While Sri Lanka’s road density, at project appraisal in 2005, was higher than that of many developing countries, because of poor quality and condition, its road network was incapable of meeting the rapidly growing freight and passenger traffic. Most of the roads in the national highways network were still single- and 2-lane; more than 50% had poor surface, and many portions were severely congested. These constraints limited the roads’ contribution to national development; improvements in the existing road infrastructure thus became imperative.  Institutional arrangements and capacity building to support the strategic management of the road transport subsector, and the planning and management of investments, were also needed.

Against this backdrop, the Asian Development Bank (ADB) approved a $150 million loan for the National Highways Sector Project, in December 2005.  The project’s expected impact was expansion of economic opportunities leading to higher income.  Its intended outcome was improvement of national transport efficiency. Using the sector loan modality for the first time in Sri Lanka, the project had 2 components (i) policy and institutional support and (ii) upgrading and maintenance of national highways.  

Along with the loan, ADB provided a $0.4 million grant to support the establishment of the Environmental and Social Division of the Road Development Authority (RDA), and in August 2011, approved an additional loan of $85 million to help meet cost overruns as well as to expand the project’s geographic coverage, increase the number of beneficiaries, and optimize access to one section of the highways network. In January 2011, the Organization of Petroleum Exporting Countries Fund for International Development also provided $8 million co-financing to improve 14 km of the national highways.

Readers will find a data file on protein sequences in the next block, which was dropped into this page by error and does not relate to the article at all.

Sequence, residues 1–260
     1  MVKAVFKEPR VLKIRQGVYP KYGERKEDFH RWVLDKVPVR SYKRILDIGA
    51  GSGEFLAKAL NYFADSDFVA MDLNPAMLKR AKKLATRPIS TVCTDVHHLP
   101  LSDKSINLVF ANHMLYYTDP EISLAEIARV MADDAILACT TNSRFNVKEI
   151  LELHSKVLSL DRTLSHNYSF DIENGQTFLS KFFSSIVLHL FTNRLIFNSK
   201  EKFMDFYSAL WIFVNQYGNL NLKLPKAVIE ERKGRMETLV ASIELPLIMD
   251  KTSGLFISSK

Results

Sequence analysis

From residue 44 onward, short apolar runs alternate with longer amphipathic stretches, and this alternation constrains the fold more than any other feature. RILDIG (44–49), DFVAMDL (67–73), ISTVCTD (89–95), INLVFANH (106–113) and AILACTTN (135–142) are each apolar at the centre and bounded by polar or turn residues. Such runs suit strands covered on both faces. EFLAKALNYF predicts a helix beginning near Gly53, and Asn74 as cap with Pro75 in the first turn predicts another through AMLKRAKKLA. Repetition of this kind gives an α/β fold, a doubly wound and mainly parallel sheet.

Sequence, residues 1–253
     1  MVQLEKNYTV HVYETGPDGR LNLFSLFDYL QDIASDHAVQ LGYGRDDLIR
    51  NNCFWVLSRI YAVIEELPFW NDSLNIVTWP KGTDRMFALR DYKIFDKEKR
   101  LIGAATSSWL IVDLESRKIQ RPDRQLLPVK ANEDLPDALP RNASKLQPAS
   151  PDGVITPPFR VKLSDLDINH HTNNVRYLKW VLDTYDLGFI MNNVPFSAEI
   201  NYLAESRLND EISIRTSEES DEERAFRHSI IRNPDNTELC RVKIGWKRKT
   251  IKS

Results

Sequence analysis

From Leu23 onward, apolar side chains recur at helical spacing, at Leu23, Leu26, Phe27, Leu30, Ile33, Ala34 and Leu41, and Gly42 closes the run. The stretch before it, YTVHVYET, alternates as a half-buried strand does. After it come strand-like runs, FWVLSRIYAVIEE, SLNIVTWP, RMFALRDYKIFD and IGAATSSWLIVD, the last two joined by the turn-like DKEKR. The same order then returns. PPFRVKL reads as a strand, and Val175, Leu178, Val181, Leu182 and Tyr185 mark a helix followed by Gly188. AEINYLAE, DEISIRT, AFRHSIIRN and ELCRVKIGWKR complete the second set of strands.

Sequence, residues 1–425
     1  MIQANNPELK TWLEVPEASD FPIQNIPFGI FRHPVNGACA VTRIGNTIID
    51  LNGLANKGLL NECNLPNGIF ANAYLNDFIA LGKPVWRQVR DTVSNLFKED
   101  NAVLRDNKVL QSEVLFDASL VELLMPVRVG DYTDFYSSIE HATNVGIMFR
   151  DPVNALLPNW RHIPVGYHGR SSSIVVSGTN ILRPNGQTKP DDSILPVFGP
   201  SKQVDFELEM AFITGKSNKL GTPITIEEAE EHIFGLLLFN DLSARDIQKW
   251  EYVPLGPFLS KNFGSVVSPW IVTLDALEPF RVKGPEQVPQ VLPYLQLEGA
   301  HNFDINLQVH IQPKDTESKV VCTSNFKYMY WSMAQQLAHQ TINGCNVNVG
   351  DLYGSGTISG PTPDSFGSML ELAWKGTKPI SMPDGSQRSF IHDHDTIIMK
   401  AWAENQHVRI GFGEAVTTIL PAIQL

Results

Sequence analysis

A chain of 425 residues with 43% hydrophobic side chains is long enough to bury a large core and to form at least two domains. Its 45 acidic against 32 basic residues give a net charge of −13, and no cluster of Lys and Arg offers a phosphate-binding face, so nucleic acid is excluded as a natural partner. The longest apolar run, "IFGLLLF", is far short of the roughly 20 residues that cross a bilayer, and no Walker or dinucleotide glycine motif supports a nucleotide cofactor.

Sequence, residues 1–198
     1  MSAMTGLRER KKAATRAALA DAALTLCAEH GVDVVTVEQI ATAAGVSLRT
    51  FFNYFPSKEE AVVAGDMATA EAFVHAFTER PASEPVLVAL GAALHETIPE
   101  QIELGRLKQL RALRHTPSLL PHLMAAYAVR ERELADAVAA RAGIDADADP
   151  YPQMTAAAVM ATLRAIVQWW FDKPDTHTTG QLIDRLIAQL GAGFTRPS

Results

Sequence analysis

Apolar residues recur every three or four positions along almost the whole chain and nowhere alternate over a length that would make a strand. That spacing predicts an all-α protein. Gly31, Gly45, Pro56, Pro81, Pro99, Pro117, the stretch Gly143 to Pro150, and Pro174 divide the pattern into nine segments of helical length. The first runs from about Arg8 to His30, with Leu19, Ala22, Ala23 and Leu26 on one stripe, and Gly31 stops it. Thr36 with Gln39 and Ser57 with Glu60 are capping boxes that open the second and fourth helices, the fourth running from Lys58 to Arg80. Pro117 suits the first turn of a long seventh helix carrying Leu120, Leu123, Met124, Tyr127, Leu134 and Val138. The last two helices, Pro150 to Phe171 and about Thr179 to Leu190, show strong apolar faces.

Under component 1, the road sector master plan, transport policies, regulatory frameworks, and road reclassification system, started under the ADB-financed Road Sector Development Project, were completed and subsequently implemented. The RDA was reorganized, and a medium-term investment plan and annual maintenance plan were developed. Expansion of RDA headquarters to accommodate the Ministry of Highways (MOH) was also assisted.

Under component 2, 299.6 kilometers (km) of the national highways were rehabilitated.  243.9 km of this output were completed under the original project; 55.72 km were covered by the additional financing.  However, due to funding constraints, only a 1-year performance-based maintenance (PBM) program was implemented, covering 108 km of the project roads. The original target was to pilot a 4-year PBM for 1,000–2,000 km in 4−6 executive engineer divisions.

Substantial delivery of the planned outputs, while providing the government the leverage to enhance sector management and operations, resulted in an efficient national road network that allowed easy access to provincial and local authority roads and facilitated the rehabilitation of conflict-torn provinces.   By completion, travel time on the project roads declined to 5.9 hours from 10 in 2006. Traffic volume reached a daily average of 2,828,232 vehicle-kilometers during the first full year of operation. Poverty head count in the project−influenced areas subsequently fell to 3.4% in 2016 from 14.7% in 2006.

ADB’s South Asia Department rated the project successful. The Ministry of Highways was theexecuting agency; the RDA was the implementing agency.

Project Information
Project Name: 
National Highways Sector Project
Report Date: 
August, 2018
Main Sector: 
Project Number: 
Sector Loan
Loan Number: 
2217, 2767, 8252
Source of Funding: